What He says in Matthew 6:25-34, He means:
"And Jesus uttered a loud cry and breathed his last." (Mark 15:37)
That wasn't the ending the followers of Jesus had expected. Even after walking with Him, knowing the Scriptures, and hearing His teachings, they didn't expect this. This declaration of death. This despairing finality. This hopeless darkness.
This God-man they had surrendered their lives to was horrendously mocked and brutally executed. This dear friend they had lived life with was no longer beside them.
Just nights before they had feasted together. They experienced the intimacy of Jesus bending down to wash their feet, to serve them, to show them true love. And just days before that they watched Him triumphantly enter into the city with great praise from the people.
But now He was in a tomb. The One who healed the sick now lied dead. The One who spoke about the Kingdom of God and forgave sins now was silent. The One who said He was the way, the truth, and the life now was covered in darkness.
I don't want to be political. I'm really not trying to be. But my heart was saddened today. I know it often can be if one spends too much time invested in politics, but today my heart was saddened because of the Word of God being a spontaneous prop in a campaign.
A few months ago I read through Judges and was left with so many questions. Questions about God and Israel, the cultural context, and the events that took place flooded my mind after reading that book.
I know the God of the New Testament is the same as the God of the Old Testament, but reading through Judges left me confused. I knew if someone asked me questions about the book, I wouldn't have answers. Judges reveals a dark moment in Israel's history, a time when the people continuously did what was evil in the sight of the Lord. So what can this ancient text, filled with violence and evil, teach readers today about God?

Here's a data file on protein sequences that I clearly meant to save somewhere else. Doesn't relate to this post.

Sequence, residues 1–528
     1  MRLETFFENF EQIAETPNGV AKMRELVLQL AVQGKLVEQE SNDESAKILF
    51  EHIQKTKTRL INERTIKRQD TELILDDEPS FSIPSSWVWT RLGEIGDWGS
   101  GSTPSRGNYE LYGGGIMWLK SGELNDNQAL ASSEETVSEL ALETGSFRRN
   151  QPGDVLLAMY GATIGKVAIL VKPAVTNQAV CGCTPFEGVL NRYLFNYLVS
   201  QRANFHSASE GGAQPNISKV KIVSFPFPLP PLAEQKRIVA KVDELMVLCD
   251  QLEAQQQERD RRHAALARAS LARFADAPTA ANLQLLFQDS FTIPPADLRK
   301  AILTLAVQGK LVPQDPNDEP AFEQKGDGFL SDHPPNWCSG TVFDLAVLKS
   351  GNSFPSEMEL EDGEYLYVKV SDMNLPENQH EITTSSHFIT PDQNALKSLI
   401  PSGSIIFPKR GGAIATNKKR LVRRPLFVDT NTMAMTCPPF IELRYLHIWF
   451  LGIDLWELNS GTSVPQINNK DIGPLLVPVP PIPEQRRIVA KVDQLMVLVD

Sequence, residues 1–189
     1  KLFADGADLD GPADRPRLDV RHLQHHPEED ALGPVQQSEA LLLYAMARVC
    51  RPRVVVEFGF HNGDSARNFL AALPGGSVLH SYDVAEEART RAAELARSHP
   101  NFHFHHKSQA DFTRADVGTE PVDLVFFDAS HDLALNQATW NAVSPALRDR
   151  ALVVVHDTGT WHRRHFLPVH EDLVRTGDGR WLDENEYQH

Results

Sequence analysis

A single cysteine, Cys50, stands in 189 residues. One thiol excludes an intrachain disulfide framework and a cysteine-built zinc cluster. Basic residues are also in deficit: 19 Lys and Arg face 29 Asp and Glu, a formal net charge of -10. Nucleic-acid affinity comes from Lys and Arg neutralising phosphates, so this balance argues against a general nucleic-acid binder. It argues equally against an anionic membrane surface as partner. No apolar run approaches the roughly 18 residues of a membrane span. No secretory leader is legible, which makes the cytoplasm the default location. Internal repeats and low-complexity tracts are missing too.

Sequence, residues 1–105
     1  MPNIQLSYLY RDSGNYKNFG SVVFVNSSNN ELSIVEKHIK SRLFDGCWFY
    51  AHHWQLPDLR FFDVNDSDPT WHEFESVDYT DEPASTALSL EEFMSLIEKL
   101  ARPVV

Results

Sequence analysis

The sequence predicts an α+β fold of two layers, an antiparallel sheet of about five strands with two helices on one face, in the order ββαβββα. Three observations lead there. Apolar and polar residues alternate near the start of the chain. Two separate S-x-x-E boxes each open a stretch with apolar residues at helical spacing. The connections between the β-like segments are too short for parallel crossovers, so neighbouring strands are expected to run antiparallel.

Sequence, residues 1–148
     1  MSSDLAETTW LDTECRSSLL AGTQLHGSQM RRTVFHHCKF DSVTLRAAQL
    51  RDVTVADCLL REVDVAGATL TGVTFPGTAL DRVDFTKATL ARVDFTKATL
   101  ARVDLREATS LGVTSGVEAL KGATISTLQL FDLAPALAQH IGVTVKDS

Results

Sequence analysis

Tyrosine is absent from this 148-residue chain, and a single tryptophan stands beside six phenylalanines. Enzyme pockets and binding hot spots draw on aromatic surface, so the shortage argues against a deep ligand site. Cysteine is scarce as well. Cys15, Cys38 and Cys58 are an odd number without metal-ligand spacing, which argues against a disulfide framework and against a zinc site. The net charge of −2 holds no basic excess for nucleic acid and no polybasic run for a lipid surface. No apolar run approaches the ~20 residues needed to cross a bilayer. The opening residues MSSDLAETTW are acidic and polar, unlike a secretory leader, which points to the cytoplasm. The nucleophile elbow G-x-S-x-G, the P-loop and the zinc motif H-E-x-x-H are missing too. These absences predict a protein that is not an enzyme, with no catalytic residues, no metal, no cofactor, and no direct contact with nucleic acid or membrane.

Sometimes commentary is vital to understanding the meaning of Scripture. People have researched the original language, the original context, the original audience. And their research needs to be read and studied. I believe Scripture taken out of context is a dangerous thing.
But I also believe although context is crucial and necessary, the Word of God is wonderfully, sweetly enough. Scripture is beautifully profound and beautifully simple. And the Word of God does not return void.
To the ones who hurt on Mother's Day...
To the ones who long to hold your precious glory babies and see their faces...
To the ones who just want to give your moms a hug but are separated by miles or are on separate sides of glory...
To the ones who feel less than because you don't have the same last name as your children...
To the ones who are struggling through postpartum depression and don't have the strength to keep smiling through the day...
To the ones who feel feel burdened and weary and exhausted especially today...
To the widows and widowers who miss your spouses even more on a day like today...
To the ones who cry for your prodigals to come home...
To the single moms who don't feel celebrated and aren't given a relaxing break today...
To the ones who stay away from social media on a day like today because of the sting it leaves with each post you scroll through...
To the ones who avoided church in fear of it being too painful...
To the ones who hurt on Mother's Day...
Do you ever read a passage of Scripture and then have to sit for a few moments just soaking in all the goodness you just read? Man oh man, I get so excited about those times. Those times make me feel like I'm getting to know the heart of my Father just a little bit more. I just finished up reading Nehemiah and chapter nine is an absolutely beautiful passage declaring who God is and what He has done.
Sarah loves Jesus and her family and is passionate about addressing the urgent spiritual and physical needs around the world. She is the wife of Spencer and mama of Katherine and Claire, and they live in Nashville, TN. She runs a photography business with her husband and writes in order to offer encouragement and invite others to choose grace, joy, and gratitude in the adventure and the mundane. She loves traveling and reading; she will choose unsweet tea over sweet and bootcut jeans over skinny; and she is all sorts of awkward with small talk but thrives with deep conversations.